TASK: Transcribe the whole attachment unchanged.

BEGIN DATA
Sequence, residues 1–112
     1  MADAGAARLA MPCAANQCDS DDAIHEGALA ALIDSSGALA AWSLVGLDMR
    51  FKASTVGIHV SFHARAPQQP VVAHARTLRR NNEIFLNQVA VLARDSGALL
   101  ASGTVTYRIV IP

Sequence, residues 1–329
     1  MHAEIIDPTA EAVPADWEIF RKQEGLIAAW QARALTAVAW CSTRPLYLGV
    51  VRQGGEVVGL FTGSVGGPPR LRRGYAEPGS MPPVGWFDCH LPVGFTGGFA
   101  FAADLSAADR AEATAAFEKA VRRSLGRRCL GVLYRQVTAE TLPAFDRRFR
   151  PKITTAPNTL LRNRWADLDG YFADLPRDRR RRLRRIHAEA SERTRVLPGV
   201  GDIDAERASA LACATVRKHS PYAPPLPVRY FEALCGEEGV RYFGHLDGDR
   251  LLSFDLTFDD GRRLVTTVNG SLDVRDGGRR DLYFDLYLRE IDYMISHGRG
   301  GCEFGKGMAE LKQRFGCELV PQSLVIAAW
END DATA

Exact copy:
Sequence, residues 1–112
     1  MADAGAARLA MPCAANQCDS DDAIHEGALA ALIDSSGALA AWSLVGLDMR
    51  FKASTVGIHV SFHARAPQQP VVAHARTLRR NNEIFLNQVA VLARDSGALL
   101  ASGTVTYRIV IP

Sequence, residues 1–329
     1  MHAEIIDPTA EAVPADWEIF RKQEGLIAAW QARALTAVAW CSTRPLYLGV
    51  VRQGGEVVGL FTGSVGGPPR LRRGYAEPGS MPPVGWFDCH LPVGFTGGFA
   101  FAADLSAADR AEATAAFEKA VRRSLGRRCL GVLYRQVTAE TLPAFDRRFR
   151  PKITTAPNTL LRNRWADLDG YFADLPRDRR RRLRRIHAEA SERTRVLPGV
   201  GDIDAERASA LACATVRKHS PYAPPLPVRY FEALCGEEGV RYFGHLDGDR
   251  LLSFDLTFDD GRRLVTTVNG SLDVRDGGRR DLYFDLYLRE IDYMISHGRG
   301  GCEFGKGMAE LKQRFGCELV PQSLVIAAW